On Brac, don’t miss Vidova Gora peak, the highest peak in the Adriatic at 780 metres. Take an excursion that combines this with a visit to the Blaca Monastery. Both can be done independently but prepared to be exhausted!

Hvar island, to the south, is possibly Croatia’s best-known island. It has been labelled “hippest”, the “jet-set” spot and so on. It is very long from west to east and yet just a 25-minute drive across from north to south. Its capital Hvar Town is built around a small harbour and backed by a hilltop fortress known as Spanish Fort (curiously, the Spanish were never there). The old town is made up of winding cobbled streets which converge onto a vast piazza. Elsewhere the island is covered with hebs, vineyards and lavender fields. Lavender harvest is usually in June and sometimes visitors can join in (by hand and it is back-breaking work with dawn start).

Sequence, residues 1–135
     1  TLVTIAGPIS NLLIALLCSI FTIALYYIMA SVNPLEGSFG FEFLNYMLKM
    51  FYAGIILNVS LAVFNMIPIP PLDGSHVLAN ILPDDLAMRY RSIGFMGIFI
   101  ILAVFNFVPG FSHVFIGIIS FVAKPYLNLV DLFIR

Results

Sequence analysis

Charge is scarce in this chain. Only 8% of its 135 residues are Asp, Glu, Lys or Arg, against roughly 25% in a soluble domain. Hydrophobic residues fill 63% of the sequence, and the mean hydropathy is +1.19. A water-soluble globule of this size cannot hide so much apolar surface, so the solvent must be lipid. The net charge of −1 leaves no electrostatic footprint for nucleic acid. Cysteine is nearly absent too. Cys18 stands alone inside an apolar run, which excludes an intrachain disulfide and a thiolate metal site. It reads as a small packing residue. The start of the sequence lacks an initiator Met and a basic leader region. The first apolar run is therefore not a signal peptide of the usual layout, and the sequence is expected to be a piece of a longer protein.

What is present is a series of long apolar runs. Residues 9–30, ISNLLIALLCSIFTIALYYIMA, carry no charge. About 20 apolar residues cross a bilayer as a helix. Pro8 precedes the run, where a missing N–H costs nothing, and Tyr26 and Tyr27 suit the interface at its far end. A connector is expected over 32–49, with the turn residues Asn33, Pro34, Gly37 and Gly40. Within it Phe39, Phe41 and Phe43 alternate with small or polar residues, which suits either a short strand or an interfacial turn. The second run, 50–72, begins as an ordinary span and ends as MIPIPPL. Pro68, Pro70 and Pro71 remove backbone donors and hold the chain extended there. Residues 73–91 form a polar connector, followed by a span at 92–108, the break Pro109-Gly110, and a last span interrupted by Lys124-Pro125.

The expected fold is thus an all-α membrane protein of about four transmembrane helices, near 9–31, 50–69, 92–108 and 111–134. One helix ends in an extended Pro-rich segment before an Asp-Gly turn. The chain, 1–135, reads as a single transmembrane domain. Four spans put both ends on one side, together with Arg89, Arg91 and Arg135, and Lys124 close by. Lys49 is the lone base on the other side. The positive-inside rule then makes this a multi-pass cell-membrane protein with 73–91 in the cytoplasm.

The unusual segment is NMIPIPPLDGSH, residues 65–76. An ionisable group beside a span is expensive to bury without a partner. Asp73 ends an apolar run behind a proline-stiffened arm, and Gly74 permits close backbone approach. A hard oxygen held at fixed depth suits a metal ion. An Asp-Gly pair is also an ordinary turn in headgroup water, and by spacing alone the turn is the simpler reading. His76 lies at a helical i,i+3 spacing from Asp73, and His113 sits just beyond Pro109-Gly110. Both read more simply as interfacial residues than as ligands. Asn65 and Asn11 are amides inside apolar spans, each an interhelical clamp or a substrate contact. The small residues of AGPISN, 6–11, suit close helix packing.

On the north coast of Hvar, the town of Stari Grad (meaning “old town”) is a place we love. It’s the point of entry for car ferries from Split and it was here that Greeks from Paros settled in 385 BC. Unspoilt, time-warp, where family businesses still thrive. Not to be missed is the 16th century summer retreat of poet Petar Hekterovic called Tvrdalj with inscriptions, open ceilings, fish pond and garden. It is exquisite.

The island of Vis would require a book to describe its amazing history. Suffice it say that there is little accommodation, Conde Nast Traveller declared Stinica beach one of the most beautiful anywhere and the British still occasionally play cricket at the old airfield! Vis Town and Komiza are the main places, full of authentic fish restaurants and wine cellars. Best discovered on one of our Dalmatian cruises. If you like it, we can arrange for you to return for a few days at the end of the cruise.